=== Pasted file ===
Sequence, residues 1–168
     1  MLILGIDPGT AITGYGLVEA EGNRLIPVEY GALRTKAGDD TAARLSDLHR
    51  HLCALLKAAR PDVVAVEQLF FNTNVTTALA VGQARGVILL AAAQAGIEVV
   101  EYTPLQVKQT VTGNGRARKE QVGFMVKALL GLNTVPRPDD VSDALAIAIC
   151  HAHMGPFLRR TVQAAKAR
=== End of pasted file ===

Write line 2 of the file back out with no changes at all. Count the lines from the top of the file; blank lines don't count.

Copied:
     1  MLILGIDPGT AITGYGLVEA EGNRLIPVEY GALRTKAGDD TAARLSDLHR